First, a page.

Microscopes and Daphnia at MSA-4!

In October (2013), we lent compound microscopes with mechanical stages to Ms. Merz' class at MSA-4. We also provided live Daphnia magna organisms for students to observe, along with dilute solutions of nervous-system-active agents such as ethanol, for students to administer to the Daphnia and to record the behavior changes. The live creatures were healthy specimens, leftover from a nearby private school's recent experiments.

We found school supplies, and we found somebody who needed them!

A private donor gave us a box of 48 wirebound notebooks. Wow! We went on DonorsChoose.org to find a teacher near us who happened to need a bunch of notebooks. We found one at Webster Middle School, very close to our lab, and we delivered. Teacher was surprised but glad, because her students go through a lot of notebooks over the course of each school year. Everybody wins.

An HP 5890 Series II Gas Chromatograph for high school use!

We have supplied Ms. Meade, A.P. Chemistry teacher at Jordan High School of Long Beach, with an HP 5890 Series II gas chromatograph. The instrument had come to us as a discard from a biotech industry donor. Amazingly, Ms. Meade's campus has a 20-amp electrical circuit available, which is exactly what this instrument needs to eat. Ms. Meade will also need three gas cylinders (a carrier gas such as nitrogen for the column, and hydrogan and compressed air for the flame ionization detector. This is a research-grade instrument, so maybe Ms. Meade's kids will publish some analyses someday soon!

Science students at YouthBuild Charter, Van Nuys: Learning more with LESS!

Last school year, we found a new science program and an experienced science teacher, Ms. Hahn, in the San Fernando Valley. We established contact, and since then Ms. Hahn has been visiting our west LA lab location as needed, for pickup and return of basic items such as graduated cylinders, Erlenmeyer flasks, and electronic balances. Hooray for hands-on learning.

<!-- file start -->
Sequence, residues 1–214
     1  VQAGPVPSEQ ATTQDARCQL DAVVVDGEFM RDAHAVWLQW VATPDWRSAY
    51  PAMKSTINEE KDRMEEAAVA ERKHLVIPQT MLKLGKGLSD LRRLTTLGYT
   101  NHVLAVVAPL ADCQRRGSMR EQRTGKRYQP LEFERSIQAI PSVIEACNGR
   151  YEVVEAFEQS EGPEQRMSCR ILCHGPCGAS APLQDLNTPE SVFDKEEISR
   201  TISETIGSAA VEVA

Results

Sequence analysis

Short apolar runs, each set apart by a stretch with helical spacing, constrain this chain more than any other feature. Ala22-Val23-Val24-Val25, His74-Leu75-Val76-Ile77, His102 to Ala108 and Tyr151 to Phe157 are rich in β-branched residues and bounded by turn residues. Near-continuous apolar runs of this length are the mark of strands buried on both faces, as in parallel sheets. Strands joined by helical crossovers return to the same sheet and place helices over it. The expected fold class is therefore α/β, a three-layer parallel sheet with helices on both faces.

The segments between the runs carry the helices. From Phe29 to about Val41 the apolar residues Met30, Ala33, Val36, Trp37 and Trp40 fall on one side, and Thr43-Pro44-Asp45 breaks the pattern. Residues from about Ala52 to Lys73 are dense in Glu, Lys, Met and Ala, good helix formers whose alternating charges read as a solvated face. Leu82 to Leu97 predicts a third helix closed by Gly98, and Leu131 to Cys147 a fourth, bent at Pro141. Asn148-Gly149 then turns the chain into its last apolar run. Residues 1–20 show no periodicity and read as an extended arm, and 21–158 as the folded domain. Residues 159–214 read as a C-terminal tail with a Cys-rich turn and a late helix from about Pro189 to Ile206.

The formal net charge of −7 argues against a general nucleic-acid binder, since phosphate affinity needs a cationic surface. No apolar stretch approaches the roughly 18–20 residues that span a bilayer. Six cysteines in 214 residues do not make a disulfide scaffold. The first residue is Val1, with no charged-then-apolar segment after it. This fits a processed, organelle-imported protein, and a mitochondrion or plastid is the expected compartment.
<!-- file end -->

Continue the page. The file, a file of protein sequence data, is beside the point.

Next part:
We gave away liquid nitrogen to science teachers on Tuesday, February 19th, 2013!

Just to raise awareness about our project, we sent Glen with a 10-liter dewar of liquid nitrogen to several public schools in west Los Angeles.

At Animo Venice charter school, Glen was lucky enough to have shown up exactly at the moment when a liquid nitrogen YouTube video was to be shown to a chemistry class. Using liquid nitrogen from LESS, that demonstration was done live instead, and some more LN2 demos were done for some learning fun.

At Webster Middle School, Glen was lucky enough to run into an Assistant Principal who had used LN2 before, and he guided Glen directly to an eighth-grade science teacher's classroom.

At Magnolia Science Academy 6, Glen visited the office at the moment when the 8th-grade science teacher was having a prep period. Glen poured LN2 for her into polystyrene foam cups; we hope she still had enough for a demo by the time her class started.

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Learning Equipment Supply Service provides students, teachers, and other learners the opportunity to benefit from all of our products and services irrespective of their race, color, religion, gender, handicap, familial status, or national origin. Learning Equipment Supply Service provides employment opportunities to job seekers and to independent contractors of all races, colors, religions, genders, handicaps, familial statuses and national origins. All of our products, services, and employment opportunities are mentioned on this website and are available on an equal-opportunity basis.